It sounds cliché, doesn’t it? The place where a lot of people of older generations, believe is the proper and sometimes only place for the work of a woman. So why are women in the minority when it comes to the professional kitchen? Although I don’t have all the answers, I thought it might be interesting to share my journey as a female professional chef.

Starting out

I started my culinary profession the same as most, in culinary school. I studied professional bakery, along with patisserie and confectionary. The stigma seemed almost to hold up, as on my course only one of the 20 or so students was male. And to top it off my tutors were both professional females in the patisserie industry.

However when I looked across the hall, to the general cookery side of the course- the mass majority of students were male, as well as every tutor. A quick look at famous and televised chefs showed me many talented male chefs, with only a handful being women, such as cherish Finden and Mary berry- two very successful women, both known for their talents in bakery and patisserie. This early introduction to the craft resonated with me that, the only place perhaps where a woman could or should contend in the professional kitchen, is on the pastry section. Now don’t get me wrong. I love being a pastry chef, and I love working with men and women.

Pastry chef

My first job as a pastry chef started out in the hotel industry. I was 19, full of enthusiasm and eager to impress. I was the only woman in the kitchen and by far the youngest.- A pattern I’m now very familiar with. People were nice as I was introduced, courteous and friendly. I remember being told on my first day that they ‘usually don’t hire female chefs’ after asking why, I was told ‘ they’re hard to work with, have a temper when they’re hormonal and stuff.’ Two years on, I’ve got my dream job and made loads of great friends along the way.

That’s catering for you

How many times have I heard this now to excuse the inexcusable.
I know it’s a rough industry, I’m not naïve to that fact, but comments about ‘that birds tits’ yes that 16 year old waitress or ‘she’s deffo on the rag, moody bitch’ about the woman whose struggling through her shift with unbearable period cramps, surely cant go unnoticed and brushed aside as ‘chef life’.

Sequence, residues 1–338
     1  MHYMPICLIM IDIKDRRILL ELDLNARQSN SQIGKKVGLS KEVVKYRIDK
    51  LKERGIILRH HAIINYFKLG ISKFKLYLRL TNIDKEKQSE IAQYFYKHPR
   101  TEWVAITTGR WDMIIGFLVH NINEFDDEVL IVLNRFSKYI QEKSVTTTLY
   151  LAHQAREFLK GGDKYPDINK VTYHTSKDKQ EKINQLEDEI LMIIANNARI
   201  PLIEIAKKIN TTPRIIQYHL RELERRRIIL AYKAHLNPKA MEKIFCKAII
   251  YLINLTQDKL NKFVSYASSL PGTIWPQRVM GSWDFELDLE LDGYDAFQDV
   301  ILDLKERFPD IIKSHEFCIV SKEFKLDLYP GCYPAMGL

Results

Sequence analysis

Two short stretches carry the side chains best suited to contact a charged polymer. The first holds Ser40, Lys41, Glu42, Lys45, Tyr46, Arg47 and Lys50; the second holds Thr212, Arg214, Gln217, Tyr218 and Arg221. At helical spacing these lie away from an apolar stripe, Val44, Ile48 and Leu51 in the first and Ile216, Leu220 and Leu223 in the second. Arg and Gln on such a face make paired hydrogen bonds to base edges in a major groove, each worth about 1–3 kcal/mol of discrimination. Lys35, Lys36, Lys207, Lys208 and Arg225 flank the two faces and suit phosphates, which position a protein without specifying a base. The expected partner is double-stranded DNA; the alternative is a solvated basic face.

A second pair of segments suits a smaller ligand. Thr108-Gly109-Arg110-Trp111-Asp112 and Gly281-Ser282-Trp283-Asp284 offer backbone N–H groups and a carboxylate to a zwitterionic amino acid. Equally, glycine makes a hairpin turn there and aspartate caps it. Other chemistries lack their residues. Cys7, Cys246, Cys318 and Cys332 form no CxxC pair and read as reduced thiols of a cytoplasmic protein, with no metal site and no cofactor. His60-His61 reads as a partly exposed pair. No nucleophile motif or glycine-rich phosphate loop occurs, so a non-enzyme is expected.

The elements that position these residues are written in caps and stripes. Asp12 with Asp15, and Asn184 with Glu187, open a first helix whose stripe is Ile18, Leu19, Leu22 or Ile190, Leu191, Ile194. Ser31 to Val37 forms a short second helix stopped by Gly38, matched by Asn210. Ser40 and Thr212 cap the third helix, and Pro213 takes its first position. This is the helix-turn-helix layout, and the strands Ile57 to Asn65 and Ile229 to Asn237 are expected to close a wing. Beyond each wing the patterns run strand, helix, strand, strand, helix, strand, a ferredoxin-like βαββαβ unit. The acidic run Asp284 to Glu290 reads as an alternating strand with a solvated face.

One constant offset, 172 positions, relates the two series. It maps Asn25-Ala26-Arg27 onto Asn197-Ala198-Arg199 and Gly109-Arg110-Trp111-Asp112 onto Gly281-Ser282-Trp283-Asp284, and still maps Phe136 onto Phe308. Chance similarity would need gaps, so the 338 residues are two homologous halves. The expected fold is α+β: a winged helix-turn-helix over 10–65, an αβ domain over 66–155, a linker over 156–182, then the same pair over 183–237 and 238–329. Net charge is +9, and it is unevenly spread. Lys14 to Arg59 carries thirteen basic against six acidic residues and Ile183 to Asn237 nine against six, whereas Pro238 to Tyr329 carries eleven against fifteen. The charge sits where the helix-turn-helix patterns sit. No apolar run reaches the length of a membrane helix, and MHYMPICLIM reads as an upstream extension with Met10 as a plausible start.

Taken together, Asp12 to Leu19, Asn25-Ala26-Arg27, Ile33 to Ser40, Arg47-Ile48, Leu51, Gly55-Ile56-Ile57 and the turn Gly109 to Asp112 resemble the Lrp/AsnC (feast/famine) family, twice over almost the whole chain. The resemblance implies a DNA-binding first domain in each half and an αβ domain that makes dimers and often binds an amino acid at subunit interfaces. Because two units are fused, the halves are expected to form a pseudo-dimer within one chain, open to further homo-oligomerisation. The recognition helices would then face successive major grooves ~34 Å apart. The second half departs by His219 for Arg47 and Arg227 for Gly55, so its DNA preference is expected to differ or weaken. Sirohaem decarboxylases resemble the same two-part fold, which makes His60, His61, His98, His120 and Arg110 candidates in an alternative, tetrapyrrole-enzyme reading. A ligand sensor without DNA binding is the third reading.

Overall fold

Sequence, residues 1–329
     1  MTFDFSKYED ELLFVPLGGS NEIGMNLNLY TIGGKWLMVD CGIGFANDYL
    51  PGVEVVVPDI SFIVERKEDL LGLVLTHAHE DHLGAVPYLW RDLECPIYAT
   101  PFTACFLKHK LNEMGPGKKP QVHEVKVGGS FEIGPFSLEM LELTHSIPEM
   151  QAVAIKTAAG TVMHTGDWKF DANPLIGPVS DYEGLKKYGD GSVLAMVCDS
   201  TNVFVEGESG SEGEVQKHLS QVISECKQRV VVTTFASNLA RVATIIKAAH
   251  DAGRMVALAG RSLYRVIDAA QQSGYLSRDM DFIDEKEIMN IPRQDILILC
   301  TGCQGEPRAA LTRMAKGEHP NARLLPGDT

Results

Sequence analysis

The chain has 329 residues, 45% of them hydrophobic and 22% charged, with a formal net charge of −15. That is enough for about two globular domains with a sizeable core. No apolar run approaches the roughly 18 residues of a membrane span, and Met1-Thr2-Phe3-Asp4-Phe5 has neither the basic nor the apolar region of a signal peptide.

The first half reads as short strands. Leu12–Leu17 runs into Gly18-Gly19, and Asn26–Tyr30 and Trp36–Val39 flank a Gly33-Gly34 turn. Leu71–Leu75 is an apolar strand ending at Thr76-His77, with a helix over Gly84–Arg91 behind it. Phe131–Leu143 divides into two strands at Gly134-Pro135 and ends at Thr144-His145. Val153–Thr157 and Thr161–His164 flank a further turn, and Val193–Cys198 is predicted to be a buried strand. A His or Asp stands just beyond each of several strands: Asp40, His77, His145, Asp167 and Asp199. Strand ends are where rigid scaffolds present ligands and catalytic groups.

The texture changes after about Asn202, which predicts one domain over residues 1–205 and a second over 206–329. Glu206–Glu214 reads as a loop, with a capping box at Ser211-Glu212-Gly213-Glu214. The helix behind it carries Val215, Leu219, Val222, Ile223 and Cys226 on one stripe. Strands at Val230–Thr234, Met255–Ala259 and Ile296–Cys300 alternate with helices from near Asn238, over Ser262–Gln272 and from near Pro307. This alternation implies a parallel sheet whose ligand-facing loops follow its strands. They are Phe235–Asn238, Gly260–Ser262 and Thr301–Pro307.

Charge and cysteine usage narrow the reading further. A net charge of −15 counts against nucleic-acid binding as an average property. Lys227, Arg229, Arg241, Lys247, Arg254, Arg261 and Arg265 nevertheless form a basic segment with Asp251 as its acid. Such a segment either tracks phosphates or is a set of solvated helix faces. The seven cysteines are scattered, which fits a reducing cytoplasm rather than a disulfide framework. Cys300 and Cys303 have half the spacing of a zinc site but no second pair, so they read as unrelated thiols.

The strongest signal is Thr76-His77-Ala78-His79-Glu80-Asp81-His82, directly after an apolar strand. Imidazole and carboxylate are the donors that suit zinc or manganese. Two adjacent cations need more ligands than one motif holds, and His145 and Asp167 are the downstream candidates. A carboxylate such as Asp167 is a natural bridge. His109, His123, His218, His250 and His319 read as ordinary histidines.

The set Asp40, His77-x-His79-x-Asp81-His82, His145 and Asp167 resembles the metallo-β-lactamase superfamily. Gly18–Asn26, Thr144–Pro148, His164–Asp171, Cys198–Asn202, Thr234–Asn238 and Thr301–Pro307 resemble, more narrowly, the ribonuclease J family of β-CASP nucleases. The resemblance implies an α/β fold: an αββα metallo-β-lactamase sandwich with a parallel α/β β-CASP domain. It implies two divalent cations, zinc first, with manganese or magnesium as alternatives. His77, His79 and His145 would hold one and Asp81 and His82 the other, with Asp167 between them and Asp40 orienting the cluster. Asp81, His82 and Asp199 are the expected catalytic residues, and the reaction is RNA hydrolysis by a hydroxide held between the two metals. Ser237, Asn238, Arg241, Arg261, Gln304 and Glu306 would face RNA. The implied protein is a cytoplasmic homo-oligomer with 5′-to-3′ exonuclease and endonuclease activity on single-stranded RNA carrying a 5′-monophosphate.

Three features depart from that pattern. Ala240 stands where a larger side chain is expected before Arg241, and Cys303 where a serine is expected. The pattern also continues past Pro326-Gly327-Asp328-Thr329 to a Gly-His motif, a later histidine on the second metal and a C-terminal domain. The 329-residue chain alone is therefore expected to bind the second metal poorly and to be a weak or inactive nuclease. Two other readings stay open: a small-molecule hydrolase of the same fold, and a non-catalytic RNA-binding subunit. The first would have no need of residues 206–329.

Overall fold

OH, but that’s catering for you.

A Bloody Hell

I probably wont be the first to tell you about the struggle and mess of working on your period. Its bloody hard work. Now take that and put yourself in a room full of male chefs (the last thing you want when hormonal rage kicks in), hot and humid kitchen, a 12 hour shift on your feet, no breaks, no time to change sanitary products. It is the worst. But its almost impossible to do anything about

My only advice with this one is to grit your teeth and ride through it. Its only one week, every month, for about 40 years….. right? no biggie.

Thick skin

I tried my hardest to be ‘one of the lads.’ Its generally a good time and somewhat in jest, but when it crosses the line its hard to join in. I really don’t intend to paint a bad image of male chefs, nor do I mean to imply that this goes for all of them. I have worked with some lovely, inspiring male chefs who have helped me immensely in my career. Nor am I implying that female chefs can do no wrong. Take it from me- we definitely can. Its always hard being in the minority, especially at work. Its hard to fit in when you visibly don’t fit in.

R.E.S.P.E.C.T.

I’ve worked hard to be respected, and I’m a firm believer that being respected out of honest and earned respect, is a far greater achievement than being respected out of fear. The latter being something I have seen countless times. A respect that continues when you leave the room is the only reputable respect there is.
Some one once told me ‘ you’ll never be respected by being nice to people.’ Well I like to think I’ve proved them wrong.